NCIP exec orders hydropower plants out of tribal lands in Benguet | Inquirer News

NCIP exec orders hydropower plants out of tribal lands in Benguet

Operator fails to get consent of indigenous communities in Bakun town and must leave
By: - Correspondent / @kquitasolINQ
/ 04:35 AM May 17, 2021

RIVER POWER The Lower Labay Hydropower plant in Barangay Poblacion is the first of the three plants that Hedcor Inc. built in Bakun town, Benguet. It currently harnesses the power of the Bakun River and has a capacity of 2.4 megawatts. —PHOTO FROM THE  HEDCOR INC. WEBSITE

BAGUIO CITY, Benguet, Philippines — An official of the National Commission on Indigenous Peoples (NCIP) had asked the company operating three hydropower plants in Benguet province to withdraw its facilities from the lands of tribal communities hosting these facilities.

Marlon Bosantog, director of the NCIP in Cordillera, said Hedcor Inc. must immediately return to the indigenous people (IP) communities of Bakun town the parcels of land occupied by its company.


In his May 4 order, Bosantog cited the resolution of nonconsent issued by Bakun Indigenous Tribes Organizations (Bito) and town elders last month that would prevent Hedcor from continuously operating its hydropower plants in Bakun.


Hedcor has been operating the Labay and Lon-oy hydroelectric power plant (HEPP) in Barangay Poblacion and the Ferdinand L. Singit HEPP that straddles the villages of Poblacion and Sinacbat since 1991. The plants have a combined capacity of about 12 megawatts.

According to Bosantog, Hedcor has “no more legal justification” to continue with its operations in the town for lack of free, prior and informed consent (FPIC) from the IP community in the town, which is required by law for any company to operate inside any ancestral domain.

On April 21, Bito and the Bakun council of elders also submitted a resolution urging the NCIP to issue a cease-and-desist order to stop Hedcor’s operations within their domain.

“Hedcor Inc. has no authority to operate in our ancestral domain [for] having failed to obtain our consent and permit for their continued operation,” the IPs said in the resolution.

Causing confusion?

Noreen Marie Vicencio, Hedcor vice president for corporate services, has written NCIP chair Allen Capuyan, saying Bosantog’s order was “causing confusion and potentially causing chaos on the ground.”

In her May 5 letter to Capuyan, Vicencio said stopping Hedcor’s operation would “[create] an opening for insurgents and other lawless elements to interfere.” She did not elaborate.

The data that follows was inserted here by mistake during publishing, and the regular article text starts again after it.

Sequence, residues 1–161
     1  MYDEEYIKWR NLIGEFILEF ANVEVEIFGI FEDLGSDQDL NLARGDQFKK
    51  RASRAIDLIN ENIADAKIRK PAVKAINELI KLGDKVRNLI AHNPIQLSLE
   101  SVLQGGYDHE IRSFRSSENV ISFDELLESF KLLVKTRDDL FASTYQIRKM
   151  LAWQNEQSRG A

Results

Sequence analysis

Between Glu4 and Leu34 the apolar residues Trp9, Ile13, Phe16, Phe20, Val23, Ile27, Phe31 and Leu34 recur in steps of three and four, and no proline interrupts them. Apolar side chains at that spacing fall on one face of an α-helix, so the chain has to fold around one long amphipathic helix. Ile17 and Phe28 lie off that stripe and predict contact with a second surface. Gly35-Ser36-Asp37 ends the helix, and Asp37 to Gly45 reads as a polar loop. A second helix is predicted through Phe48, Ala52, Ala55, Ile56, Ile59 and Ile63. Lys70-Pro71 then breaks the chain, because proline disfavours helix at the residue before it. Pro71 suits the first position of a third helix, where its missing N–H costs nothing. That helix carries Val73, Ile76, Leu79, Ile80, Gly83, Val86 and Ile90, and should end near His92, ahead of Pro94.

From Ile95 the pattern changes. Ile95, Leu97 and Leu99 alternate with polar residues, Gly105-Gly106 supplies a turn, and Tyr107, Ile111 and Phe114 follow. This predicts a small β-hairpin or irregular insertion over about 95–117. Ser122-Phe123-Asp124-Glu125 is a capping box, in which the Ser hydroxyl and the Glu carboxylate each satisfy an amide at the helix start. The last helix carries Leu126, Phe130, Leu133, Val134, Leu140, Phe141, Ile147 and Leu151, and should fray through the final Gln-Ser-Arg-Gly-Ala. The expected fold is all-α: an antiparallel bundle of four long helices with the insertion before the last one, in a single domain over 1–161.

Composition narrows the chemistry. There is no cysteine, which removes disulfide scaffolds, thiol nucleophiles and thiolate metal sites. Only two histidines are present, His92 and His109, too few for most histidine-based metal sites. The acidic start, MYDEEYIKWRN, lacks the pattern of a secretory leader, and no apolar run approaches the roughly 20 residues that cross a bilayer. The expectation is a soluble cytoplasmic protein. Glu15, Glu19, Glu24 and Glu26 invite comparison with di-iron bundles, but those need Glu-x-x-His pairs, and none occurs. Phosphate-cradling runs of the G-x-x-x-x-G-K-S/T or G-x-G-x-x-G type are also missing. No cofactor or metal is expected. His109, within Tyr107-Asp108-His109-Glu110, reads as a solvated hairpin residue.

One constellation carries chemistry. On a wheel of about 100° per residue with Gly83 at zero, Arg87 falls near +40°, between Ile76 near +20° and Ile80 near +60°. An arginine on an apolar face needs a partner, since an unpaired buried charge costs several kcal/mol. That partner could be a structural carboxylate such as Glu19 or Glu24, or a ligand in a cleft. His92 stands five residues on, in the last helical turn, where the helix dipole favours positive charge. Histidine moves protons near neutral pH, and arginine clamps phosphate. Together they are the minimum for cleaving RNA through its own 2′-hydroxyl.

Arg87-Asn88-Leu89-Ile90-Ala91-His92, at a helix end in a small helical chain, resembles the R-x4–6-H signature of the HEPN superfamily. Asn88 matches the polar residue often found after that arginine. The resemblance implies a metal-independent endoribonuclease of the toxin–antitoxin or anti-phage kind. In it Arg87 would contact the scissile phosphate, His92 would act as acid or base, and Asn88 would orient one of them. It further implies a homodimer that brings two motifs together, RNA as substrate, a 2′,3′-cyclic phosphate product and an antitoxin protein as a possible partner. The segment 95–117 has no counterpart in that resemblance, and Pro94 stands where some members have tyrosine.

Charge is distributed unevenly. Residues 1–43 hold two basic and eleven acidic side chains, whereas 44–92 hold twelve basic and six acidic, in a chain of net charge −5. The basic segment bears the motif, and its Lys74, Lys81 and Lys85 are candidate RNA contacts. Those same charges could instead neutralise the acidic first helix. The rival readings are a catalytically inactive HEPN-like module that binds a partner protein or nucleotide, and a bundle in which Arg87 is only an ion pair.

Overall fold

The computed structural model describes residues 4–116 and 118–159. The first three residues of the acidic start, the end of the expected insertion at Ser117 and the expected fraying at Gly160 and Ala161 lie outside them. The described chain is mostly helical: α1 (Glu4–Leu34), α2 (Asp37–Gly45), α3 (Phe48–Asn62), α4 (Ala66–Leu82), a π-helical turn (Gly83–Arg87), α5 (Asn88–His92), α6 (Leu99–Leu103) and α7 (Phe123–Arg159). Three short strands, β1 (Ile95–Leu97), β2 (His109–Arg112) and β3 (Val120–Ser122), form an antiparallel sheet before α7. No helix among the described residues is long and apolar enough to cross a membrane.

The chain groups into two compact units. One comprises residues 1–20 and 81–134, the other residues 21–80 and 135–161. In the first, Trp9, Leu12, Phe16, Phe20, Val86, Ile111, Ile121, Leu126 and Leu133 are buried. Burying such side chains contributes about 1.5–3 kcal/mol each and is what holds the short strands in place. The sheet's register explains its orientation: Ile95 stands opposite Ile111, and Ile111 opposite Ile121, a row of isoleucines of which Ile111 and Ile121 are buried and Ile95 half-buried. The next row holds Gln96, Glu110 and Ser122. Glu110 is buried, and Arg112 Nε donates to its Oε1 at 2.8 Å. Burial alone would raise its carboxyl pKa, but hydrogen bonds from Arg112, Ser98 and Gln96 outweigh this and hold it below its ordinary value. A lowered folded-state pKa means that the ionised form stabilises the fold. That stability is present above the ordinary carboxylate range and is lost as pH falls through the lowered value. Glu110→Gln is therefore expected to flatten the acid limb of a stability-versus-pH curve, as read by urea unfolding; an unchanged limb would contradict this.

She also claimed that Bosantog’s order would disrupt the peace and order in these communities.

Vicencio asserted the company has signed a memorandum of agreement (MOA) with Bito in October 2019 for the continued operation of the three hydropower plants, which, she said, was part of the FPIC process under the supervision of the NCIP.

But the IP communities also issued in April a resolution revoking the MOA with Hedcor.


Hedcor also accused the NCIP of delaying the issuance of its certification of precondition (CP).

The company applied for the CP in 2018 when its contract with the Department of Energy (DOE) ended.

The NCIP requires an FPIC and a resolution of consent from the community before it issues a CP, a requirement under the Indigenous Peoples Rights Act for companies operating on indigenous peoples’ land.

The NCIP in Cordillera completed all preparatory activities for the CP in 2018. But In July 2019, the Bakun IPs issued their first resolution of nonconsent, which it later withdrew after negotiations with Hedcor. It led to the signing of the MOA.


But in August last year, the Bakun IPs submitted a resolution asking the NCIP to defer its processing of the CP since some elders had refused to sign documents needed to complete the FPIC process.

The Bakun elders found some provisions in the MOA “disadvantageous” to the communities and also accused Hedcor of using the MOA to pressure local officials to yield to its demands.

Bakun Councilor Mark Bayawan, who heads the town council’s committees on environment and agriculture, said in an interview last month that Hedcor insisted on its unacceptable share offer.

He said local officials initially wanted a share of 25 centavos per kilowatt-hour but lowered it to 12 centavos after several consultations.

“The company’s starting bid was 1 centavo. They increased it later to 1.25 centavos. They should at least meet us halfway,” he said.

Bayawan said Hedcor’s plants produced an average of 55 million kWh a year.

He said that based on their computation, the 12-centavo per kWh share would amount to P5 million a year, the same amount Hedcor was paying to the municipal government before its contract with the DOE lapsed.

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But based on the current Hedcor offer, the town would only get an annual share of P500,000, which the Bakun communities rejected. INQ


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